Sunday, July 27, 2014

Wildcraft, by Ellen Larson

"Wildcraft," by Ellen Larson, in M: Mystery and Horror, May 2014.

I always warn you if there is a factor outside of a story's own merits that could cause me to favor it.  Usually that means the author is a friend or blogmate of mine.  In this case the reason for full disclosure is somewhat different: Ms. Larson, who I don't know, sent me a copy of this magazine's first issue.

But I definitely enjoyed her story the most of any I read this week, which is the rule for this column.  This is a story about a police chief investigating a crime, which is no surprise, but the crime is unusual and so is the investigation.

Someone has shot a deer a day before the season opens.  That's illegal but what outrages the chief is that the poacher, not having made a clean kill, allows the deer to limp away to die in misery.  And so, rather than hunting the bad guy, our hero goes off in search of the victim, to finish the job as mercifully as possible. Along the way he ponders all his suspects and figures out who the shooter must be.  It's a clever approach.

I do have a caveat.  A few weeks ago in this space I wrote about dialect, and how less is more.  One of Larson's characters talks like this: "I sayed I was trackin' 'im.  I didn't say I'd shot him!  Like yuz, I heard the shot is all."  That is more dialect than I, for one, need.

Best of luck to thenew magazine.

Sunday, July 20, 2014

Rough Justice / Tender Mercies, by Leonhard August

"Rough Justice / Tender Mercies," by Leonhard August, in Death and the Detective, edited by Jess Faraday, Elm Books, 2014.

This story has an interesting structure.  The real action takes place on one day, and ends with an act of violence, but the narrative begins after that is over.  Then it runs back to tell us the background of the narrator and his friend Earl.  The story is a quarter over before the action begins.  And after we reach the climax it goes on for almost another quarter, ending up where it started. 

Sounds complicated, but I don't think you could have made this story work any other way.

The main characters are Shadow Wolves, members of the Tohono O'odham tribe working as border agents for Homeland Security.  The main action concerns the discovery that one of their confidential informers, a woman working with a very dangerous group of Mexican smugglers, has been found dead. 

But don't assume you know where the plot is going.  The actual direction is hidden in the background August has so carefully laid out for you. 

Sunday, July 13, 2014

Murder on Orchard Road, by Nury Vittachi

"Murder on Orchard Road," by Nury Vittachi, in Singapore Noir, edited by Cheryl Lu-Tien Tan, Akashic Press, 2014.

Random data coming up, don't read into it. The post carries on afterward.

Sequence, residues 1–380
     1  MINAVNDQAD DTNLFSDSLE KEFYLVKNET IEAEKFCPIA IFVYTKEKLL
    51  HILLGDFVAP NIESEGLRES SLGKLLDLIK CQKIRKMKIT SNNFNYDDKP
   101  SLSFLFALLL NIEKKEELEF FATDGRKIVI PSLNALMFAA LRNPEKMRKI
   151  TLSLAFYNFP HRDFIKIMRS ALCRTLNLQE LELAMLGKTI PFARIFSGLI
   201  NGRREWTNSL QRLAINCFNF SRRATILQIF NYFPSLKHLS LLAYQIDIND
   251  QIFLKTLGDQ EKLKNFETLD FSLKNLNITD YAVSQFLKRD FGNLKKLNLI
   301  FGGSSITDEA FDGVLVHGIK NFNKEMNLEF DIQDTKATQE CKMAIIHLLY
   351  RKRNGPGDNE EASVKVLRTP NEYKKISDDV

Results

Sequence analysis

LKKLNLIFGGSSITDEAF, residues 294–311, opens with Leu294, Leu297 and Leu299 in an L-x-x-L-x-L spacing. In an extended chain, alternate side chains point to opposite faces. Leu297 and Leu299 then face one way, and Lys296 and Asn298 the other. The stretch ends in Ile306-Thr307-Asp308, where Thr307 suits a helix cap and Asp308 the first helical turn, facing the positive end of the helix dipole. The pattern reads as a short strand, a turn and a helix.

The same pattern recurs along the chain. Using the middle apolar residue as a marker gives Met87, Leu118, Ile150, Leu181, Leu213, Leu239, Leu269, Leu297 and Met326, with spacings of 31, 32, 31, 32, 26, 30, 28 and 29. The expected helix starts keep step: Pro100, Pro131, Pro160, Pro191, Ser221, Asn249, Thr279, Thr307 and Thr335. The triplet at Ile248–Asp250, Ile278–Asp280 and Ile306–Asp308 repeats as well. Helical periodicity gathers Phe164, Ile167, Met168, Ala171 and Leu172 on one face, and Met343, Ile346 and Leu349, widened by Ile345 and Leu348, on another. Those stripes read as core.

The term "political correctness" or PC has become an epithet.  It is seen as a form of censorship or advocacy of wimpiness.

Wasn't always that way.  As I recall someone asked the folksinger Fred Small if he was ever "not PC."  He replied "Do you mean am I ever intentionally rude?"

I bring this up because most of the stories in Singapore Noir use dialect, by which I mean attempting to indicate on the page the non-standard language and pronunciation of the characters.  Dialect has been out of favor for a long time, for a lot of good reasons: it can be amazingly annoying to read and, it can seem insulting to the people whose language is being mimicked.

On the other hand, a lot of the people in these stories set in Singapore are not going to speak like they went to Harvard or Oxford.  What's an author to do?

The usual thinking these days is that less is more.  Put in just enough dialect to indicate the speech patterns, without driving the ready crazy.  (By the way, if you want to hear my attempt at a dialect story, here is a free podcast.)

Mr. Vittachi's is about an older Chinese may named C.F. Wong.  And here is one of his longer speeches: "Slow race no good.  Makes bad TV.  Sponsors very angry.  Race organizer very angry."

Gives you a sense of how Wong speaks.  Whether it accurately reflects Chinese speech in Singapore is beyond me.

And I suppose that tells you a bit of what the story is about.  But there is more.  Here is the opening:

His New Year's resolution was to give up murders.  Murders were horrible, messy, smelly, difficult, heart-rending things.  And not nearly as profitable as they used to be.

Mr. Wong is a feng shui master and his specialty has been spiritually cleansing murder scenes.  But today he hopes to only deal with a car race (which as you see above, seems to be going wrong).  And then there is the case of the food taster accused of poisoning his clients...


Not noir, but entertaining. 

Sunday, July 6, 2014

Aix to Grind, by Robert Mangeot

"Aix to Grind," by Robert Mangeot, in Alfred Hitchcock's Mystery Magazine, September 2011.

The narrator and his partner Gus are in France in the market for cheese.  Not cheese really,  That's just what they call the artworks they steal from dairies.  Dairies are what they call private art collections.